Welcome Guest  Sign In
Michael Slawter music licensing store
Send Message  |  www.thesavinggraces.com  | Uploaded By: mslawter
Michael Slawter

About Michael Slawter: Far too often, journalists seem to consult the same laundry list of terms when writing about pop records. From "tuneful," "melodic" and "wellcrafted" to "jangly guitars," "throbbing bass" and "propulsive beat," the clich?©s and redundancies spill forth to yield text better suited to catalog entries than used as actual reviews. Don't you wish the critics would simply tell you how the music makes them feel sometimes? True, pop's a language, and it has its own signifiers and shorthand. But it's
also a dialect rich in emotion, and dispassionate analysis doesn't always do it justice. Michael Slawter clearly holds a doctorate in the dialect of pop. ?€?An Assassination of Someone You Knew?€ will transport you back and make you feel things you haven't felt in ages.

A veteran of the North Carolina music scene, Slawter fronted the short-lived pop/punk quartet Neidermeyer and The Saving Graces. Neidermeyer?€™s sole recorded offering, "For Those About to Pop" won them 2001 pop-rock album of the year honors from The Winston-Salem Journal. The newspaper praised Slawter for creating tunes as "smart and entertaining as (the band's name." Slawter soon decided he wanted a band that reflected his own singular vision. In 2002, the Saving Graces were born.

In the fall of that year " These Stars Are For You," was released by respected Portland, Oregon indie The Paisley Pop Label to almost unanimous critical acclaim. Over five songs, "These Stars Are For You" effortlessly blended 60s-vintage Britpop ("The Things that Make You Strange"), bouncy New Wave-style rock ("Idiot Proof") and gorgeous balladry ("Sad Golden Waves Goodbye.?€) On their first full-length LP, Slawter upped the ante to produce ?€? Outside Guiding Lights." Joined by veteran producer Jamie Hoover (Spongetones & Van Deleckis), the 11-song collection presents a fuller picture of Slawter's songwriting capabilities, veering from the energetic, Buzzcocks-inflected "Giving Up The Ghost," to the lovely sturm und jangle of "Southern Gothic Sound," to the deeply personal meditation that is "Why Don't You Cry."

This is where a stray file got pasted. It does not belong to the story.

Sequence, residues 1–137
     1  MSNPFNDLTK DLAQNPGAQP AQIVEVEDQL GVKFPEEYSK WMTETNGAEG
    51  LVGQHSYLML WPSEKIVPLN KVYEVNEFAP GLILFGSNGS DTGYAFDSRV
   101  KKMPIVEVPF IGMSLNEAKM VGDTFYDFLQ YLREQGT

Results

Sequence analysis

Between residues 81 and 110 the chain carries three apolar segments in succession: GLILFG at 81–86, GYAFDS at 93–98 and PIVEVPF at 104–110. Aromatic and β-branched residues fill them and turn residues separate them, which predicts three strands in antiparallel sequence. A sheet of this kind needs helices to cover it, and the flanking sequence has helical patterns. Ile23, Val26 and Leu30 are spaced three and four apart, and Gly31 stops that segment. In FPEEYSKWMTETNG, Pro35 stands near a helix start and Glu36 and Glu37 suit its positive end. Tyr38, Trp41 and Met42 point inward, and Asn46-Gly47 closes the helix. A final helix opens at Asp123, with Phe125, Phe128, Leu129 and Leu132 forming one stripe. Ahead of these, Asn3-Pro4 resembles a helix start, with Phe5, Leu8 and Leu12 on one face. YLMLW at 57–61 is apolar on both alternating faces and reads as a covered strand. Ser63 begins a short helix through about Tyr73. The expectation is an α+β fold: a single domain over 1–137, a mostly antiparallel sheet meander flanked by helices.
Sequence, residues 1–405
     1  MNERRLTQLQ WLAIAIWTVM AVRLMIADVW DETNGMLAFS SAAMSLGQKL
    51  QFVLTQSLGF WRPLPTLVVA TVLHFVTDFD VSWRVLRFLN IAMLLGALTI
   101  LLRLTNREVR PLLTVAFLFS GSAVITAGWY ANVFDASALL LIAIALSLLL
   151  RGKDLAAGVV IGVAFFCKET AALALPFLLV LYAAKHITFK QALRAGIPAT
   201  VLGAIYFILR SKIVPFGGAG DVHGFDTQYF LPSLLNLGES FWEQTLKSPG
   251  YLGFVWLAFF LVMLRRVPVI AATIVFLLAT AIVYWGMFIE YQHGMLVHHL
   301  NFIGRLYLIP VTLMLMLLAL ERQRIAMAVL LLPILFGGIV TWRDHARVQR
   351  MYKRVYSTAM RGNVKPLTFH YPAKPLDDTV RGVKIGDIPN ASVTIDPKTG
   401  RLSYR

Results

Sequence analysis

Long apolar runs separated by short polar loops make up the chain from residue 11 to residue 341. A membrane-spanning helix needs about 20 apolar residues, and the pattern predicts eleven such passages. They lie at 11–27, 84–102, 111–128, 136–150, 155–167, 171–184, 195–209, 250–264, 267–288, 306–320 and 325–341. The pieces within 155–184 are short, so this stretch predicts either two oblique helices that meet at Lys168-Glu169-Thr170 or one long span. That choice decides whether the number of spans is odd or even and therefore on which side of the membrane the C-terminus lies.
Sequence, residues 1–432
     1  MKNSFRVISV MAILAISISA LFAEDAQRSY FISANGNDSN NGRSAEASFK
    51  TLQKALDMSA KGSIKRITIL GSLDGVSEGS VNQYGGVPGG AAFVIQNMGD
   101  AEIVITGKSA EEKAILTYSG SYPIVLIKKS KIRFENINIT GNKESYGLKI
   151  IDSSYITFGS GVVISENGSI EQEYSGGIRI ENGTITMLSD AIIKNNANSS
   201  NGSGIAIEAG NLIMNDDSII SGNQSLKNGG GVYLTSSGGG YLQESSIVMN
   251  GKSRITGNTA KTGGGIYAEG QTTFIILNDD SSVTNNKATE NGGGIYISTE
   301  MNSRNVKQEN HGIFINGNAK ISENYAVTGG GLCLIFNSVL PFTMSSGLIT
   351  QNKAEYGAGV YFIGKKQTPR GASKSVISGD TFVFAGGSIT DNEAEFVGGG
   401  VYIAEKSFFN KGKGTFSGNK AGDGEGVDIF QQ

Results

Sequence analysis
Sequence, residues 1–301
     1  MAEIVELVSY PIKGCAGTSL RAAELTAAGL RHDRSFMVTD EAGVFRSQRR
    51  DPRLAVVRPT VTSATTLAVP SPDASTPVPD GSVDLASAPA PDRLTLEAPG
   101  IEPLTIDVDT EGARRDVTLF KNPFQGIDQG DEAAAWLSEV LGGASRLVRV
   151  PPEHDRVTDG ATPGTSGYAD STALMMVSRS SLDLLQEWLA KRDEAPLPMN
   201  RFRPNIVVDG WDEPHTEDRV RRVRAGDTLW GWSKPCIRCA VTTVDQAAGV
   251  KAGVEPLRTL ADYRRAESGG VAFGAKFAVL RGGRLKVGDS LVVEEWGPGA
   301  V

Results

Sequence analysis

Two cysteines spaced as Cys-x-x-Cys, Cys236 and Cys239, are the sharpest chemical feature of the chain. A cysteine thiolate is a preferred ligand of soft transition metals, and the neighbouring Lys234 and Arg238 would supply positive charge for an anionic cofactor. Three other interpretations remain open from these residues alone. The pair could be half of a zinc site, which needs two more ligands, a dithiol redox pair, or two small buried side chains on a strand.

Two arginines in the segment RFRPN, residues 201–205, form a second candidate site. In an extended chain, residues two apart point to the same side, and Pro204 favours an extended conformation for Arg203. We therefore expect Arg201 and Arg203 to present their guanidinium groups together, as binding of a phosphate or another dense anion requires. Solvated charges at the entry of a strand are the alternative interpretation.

In the summer of 2005 Slawter retired from the live music scene, focusing instead on songwriting and recording in his own home studio. Deciding that a solo album was eminent, he once again teamed up with
friend and producer Jamie Hoover and North Carolinas newest label Just Plain Lucky Records to help bring focus to the project. From opening cut "Count to 10," a buoyant love devotional awash in crosscutting strums and a tune that could pass for one of Tommy Keene's great anthems, through album closer "Crashing Down," a breakup song with Searchers-style jangles and luminous harmony vocals. The album now titled "An Assassination of Someone You Knew" shows Slawter's remarkable pop ability with his sweet, urgent vocal style and knack for memorable riffs and classic arrangements.

Similar Artists


No news yet